Scan your own books at libraries

Geraldine Gittens

Readers in three of Dublin's public libraries will be able to check in their library books by themselves -- in new supermarket-style book borrowing.

Pembroke, Rathmines and Raheny libraries will use Radio Frequency Identification (RFID) systems, which will allow library users to issue and return items to and from the libraries themselves.

Dublin City Council has tendered for a company to supply the new technology, which will be introduced this year.

A spokesperson said: "It will operate as a security system to protect the stock in these branches from theft and will facilitate enhanced stock management and customer service.

"It will reduce the amount of staff time required to perform these labour intensive routine tasks." The cost of the new system was not released.

The economic downturn has led to an increase in the demand for the library services, and book borrowing in Raheny has increased by just over 14pc, in Rathmines by 12pc and in Pembroke by 11pc.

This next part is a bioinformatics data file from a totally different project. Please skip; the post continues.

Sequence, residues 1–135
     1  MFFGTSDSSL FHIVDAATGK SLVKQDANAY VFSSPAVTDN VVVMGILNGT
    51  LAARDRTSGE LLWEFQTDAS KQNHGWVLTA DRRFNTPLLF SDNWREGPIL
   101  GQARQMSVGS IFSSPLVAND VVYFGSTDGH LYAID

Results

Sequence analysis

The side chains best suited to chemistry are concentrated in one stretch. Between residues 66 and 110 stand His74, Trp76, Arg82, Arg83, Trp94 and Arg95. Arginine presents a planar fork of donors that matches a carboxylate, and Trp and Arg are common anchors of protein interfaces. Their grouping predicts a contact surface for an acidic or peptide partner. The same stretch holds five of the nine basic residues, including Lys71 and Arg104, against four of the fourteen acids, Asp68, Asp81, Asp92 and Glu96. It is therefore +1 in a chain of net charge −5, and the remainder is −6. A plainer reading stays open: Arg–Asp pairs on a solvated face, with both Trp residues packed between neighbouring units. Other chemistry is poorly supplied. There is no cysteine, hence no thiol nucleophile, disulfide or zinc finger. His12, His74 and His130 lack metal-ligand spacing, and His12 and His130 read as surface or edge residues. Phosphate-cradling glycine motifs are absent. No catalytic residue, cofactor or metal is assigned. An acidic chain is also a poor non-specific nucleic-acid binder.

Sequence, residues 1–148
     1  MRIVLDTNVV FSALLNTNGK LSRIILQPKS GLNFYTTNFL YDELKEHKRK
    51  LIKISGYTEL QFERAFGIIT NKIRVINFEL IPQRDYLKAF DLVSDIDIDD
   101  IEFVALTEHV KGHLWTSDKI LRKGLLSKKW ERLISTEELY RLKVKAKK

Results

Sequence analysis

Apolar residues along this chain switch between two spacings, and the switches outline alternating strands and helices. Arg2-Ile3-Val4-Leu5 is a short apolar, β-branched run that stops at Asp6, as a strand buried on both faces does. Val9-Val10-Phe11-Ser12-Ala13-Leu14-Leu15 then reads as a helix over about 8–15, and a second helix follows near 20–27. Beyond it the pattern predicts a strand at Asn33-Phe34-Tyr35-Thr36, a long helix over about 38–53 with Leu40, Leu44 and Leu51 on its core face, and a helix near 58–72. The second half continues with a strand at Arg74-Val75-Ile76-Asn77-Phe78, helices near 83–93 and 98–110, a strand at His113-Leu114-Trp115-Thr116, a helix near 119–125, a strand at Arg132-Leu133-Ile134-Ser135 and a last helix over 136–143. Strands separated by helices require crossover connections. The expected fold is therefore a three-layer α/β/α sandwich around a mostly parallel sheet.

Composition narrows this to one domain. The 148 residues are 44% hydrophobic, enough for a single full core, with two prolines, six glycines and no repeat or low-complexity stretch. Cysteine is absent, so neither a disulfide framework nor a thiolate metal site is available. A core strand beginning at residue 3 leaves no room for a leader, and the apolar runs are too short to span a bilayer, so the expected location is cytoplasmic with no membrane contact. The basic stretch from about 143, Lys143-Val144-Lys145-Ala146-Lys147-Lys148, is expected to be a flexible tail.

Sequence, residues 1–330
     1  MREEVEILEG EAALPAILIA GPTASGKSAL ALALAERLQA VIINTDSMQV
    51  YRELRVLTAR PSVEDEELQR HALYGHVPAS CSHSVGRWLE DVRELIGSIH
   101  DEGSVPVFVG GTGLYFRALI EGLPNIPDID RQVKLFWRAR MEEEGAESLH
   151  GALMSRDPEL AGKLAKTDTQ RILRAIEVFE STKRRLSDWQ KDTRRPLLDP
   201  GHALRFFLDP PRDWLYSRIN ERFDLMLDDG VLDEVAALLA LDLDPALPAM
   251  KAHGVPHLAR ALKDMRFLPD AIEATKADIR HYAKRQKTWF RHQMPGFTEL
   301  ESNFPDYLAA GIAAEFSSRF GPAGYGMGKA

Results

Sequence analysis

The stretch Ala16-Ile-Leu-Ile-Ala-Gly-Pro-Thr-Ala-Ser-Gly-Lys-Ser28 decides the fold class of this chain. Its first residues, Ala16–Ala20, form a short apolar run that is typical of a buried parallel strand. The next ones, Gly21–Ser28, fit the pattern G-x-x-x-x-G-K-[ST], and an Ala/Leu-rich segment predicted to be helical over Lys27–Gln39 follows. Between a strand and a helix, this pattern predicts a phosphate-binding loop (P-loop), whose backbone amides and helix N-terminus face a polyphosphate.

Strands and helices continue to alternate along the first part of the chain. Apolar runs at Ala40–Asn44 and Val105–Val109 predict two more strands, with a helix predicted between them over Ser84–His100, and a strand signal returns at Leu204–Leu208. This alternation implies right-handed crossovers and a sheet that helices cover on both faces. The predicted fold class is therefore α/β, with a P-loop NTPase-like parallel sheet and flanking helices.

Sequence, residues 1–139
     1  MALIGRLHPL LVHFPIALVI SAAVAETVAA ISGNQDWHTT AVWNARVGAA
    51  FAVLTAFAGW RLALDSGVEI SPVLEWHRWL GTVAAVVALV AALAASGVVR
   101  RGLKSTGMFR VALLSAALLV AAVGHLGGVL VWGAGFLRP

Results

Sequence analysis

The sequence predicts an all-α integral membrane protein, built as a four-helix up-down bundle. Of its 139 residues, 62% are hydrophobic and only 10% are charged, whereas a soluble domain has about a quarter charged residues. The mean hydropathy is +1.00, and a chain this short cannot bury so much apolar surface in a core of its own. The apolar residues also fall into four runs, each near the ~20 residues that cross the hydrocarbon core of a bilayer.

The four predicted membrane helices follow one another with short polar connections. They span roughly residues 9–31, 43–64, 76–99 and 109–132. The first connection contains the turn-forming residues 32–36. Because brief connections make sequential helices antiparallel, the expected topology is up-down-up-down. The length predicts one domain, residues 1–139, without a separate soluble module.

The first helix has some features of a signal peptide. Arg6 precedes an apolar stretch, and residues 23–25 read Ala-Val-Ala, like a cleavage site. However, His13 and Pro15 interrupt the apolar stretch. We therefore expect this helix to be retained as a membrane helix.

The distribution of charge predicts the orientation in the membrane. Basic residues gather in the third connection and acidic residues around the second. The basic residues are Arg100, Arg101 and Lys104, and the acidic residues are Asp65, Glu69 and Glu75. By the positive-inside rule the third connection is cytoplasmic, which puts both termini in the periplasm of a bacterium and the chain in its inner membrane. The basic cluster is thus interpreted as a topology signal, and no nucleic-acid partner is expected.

No staff will be made redundant when the system is introduced, and the staff will be able to help the public with information and the technologies available in the libraries, said the spokesperson. However, Councillor Eoghan Murphy, who represents the Rathmines/Pembroke area, said: "It should not be a priority of ours at this point of time, especially with the roads situation and the lack of grit."

He stressed: "It sounds like a waste of money and something that shouldn't be introduced at this time. We're bringing in lift charges for people who can't afford them, and with that I don't think self- scanners in a library is a priority."


Cllr Murphy insisted that queues in the public libraries were never so big that they were a big issue.

"It's fine to go into libraries and queue with only two or three people in the queue. If I could renew my books from home, then yes, but when you're trying to check a book out in the library, you don't need a self-scanner at all."

RFID is already in use in Tallaght Library and the council says the system will bring "increased productivity, improvements in customer service, enhanced security, advanced collection management, reduction in the need for manual handling and increased privacy."